Nick Freeman works hard as the star of the weekly karaoke night at his bar, hoping his singing talent, quick wit, and winning smile will distract from his cerebral palsy. But one night at the bar, watching a professional dancer light up the dance floor with her boyfriend, he realizes that entertaining strangers will never give him a fraction of the joy he sees in this woman’s eyes.

When Hayley Burke notices Nick’s reaction to her dancing, she urges him to acknowledge his passion and try a few moves himself—only to be mortified when she realizes Nick can only walk with the aid of a metal walker.

As Nick and Hayley fumble through misunderstanding into friendship, Hayley begins to enjoy Nick’s company more than that of her self-centered boyfriend. Nick tries to fight his attraction to Hayley, believing she deserves a dance partner who can move like her boyfriend does—but as Hayley and Nick continue to find their rhythm together, she shows him that “dancing” is about so much more than moving your feet.

In this fresh-voiced and utterly charming debut novel, Jason B. Dutton takes readers on a swoon-filled journey as two lost souls learn that neither physical disability nor emotional scars disqualify us from finding beauty, validation, and love amidst the chaos of being human.

How to Dance is billed as a romance, and there was definitely romance in the story, but I found the personal journeys of both Nick and Hayley to be way more satisfying.

Nick had to use mobility aids due to his cerebral palsy, and therefore, could never hide his disability. Though he was a well loved teacher and local karaoke star, he believed his CP hampered his dating life. Nick overcompensated for his insecurities with lots of bravado and sought one-night stands to try and fill that hole. That was until he saw Hayley dance.

Nick was captivated by Hayley's talent and the light she carried with her, but in reality, Hayley was struggling with her mental health. Her previous job with its constant competition, backstabbing, lack of support, and stress had her suffering from panic attacks. In an effort to heal, she relocated to Ohio for a fresh start. Everything was wearing her down and taking its toll on her and her relationship with her boyfriend, but then she met Nick.

Hayley and Nick formed a friendship built on mutual support. I really enjoyed their friendship and was happy to root for this couple. I KNOW you are thinking, "she had a boyfriend", BUT their union was not going well, so it was easy to see why Hayley was able to develop more-than-friendly-feelings for Nick.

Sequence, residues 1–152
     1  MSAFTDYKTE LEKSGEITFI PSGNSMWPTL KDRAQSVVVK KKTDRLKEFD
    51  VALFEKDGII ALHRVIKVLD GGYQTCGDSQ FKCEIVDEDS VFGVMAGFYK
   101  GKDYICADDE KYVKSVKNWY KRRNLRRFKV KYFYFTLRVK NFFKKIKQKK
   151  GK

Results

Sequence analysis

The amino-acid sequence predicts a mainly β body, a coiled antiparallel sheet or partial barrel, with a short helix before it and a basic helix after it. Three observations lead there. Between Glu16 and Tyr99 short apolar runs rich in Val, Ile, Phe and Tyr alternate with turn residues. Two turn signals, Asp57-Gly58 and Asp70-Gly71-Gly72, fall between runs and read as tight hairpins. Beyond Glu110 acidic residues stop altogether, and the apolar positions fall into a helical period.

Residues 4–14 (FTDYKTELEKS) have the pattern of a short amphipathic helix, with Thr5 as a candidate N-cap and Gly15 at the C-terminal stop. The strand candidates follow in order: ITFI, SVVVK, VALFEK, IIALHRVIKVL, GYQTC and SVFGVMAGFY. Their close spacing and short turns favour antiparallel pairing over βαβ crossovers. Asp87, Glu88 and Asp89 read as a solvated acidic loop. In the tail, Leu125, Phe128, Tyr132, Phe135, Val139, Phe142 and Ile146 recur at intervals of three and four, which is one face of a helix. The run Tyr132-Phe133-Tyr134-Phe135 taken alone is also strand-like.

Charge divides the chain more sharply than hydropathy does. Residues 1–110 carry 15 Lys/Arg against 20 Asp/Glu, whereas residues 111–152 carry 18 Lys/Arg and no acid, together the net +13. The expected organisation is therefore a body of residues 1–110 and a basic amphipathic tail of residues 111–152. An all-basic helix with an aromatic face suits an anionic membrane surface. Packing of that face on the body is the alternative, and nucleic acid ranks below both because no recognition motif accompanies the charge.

Regardless, I did like them together. I also really appreciated Dutton's portrayal of Nick's disability. Getting to see Nick in many different situations and be in his head to get his perspective was eye opening. I don't want to leave out one of the sweetest parts of this book - ROSIE! Rosie was the daughter of Nick's two childhood friends (who were also awesome), and she was a precious gem, a total scene stealer who also stole my heart.

Overall, I enjoyed getting to know Nick and Hayley and was glad to cheer for them on their way to their HEA.

Goto karaoke song?
Let us know in the comments!


  1. There was a little pub that some work friends and I would frequent every Thursday for karaoke. One of our colleagues was a musical theater major, so we mostly went to see him sing. I'm much more comfortable behind a piano than I am in front of a mic!

    1. That sounds like fun! I never did karaoke outside of college parties, but I always wished I could play piano.

  2. Nick and Hayley's story sounds so touching!

    1. It was. I especially liked the way Nick's attitude changed.

  3. Wonderful reviews, Sam. These both sound really good. I don't think I have read a book where one of the MCs has cerebral palsy. It is great that authors are showcasing various disabilities and chronic illnesses in characters that lead a normal life. They need to be shown in such a light.

    1. I have not read an adult book with a character with CP but I have read YA books. This was own-voices, and the author presented an interesting perspective.

  4. I love fauxmance romance and I think you have a good one there Sam!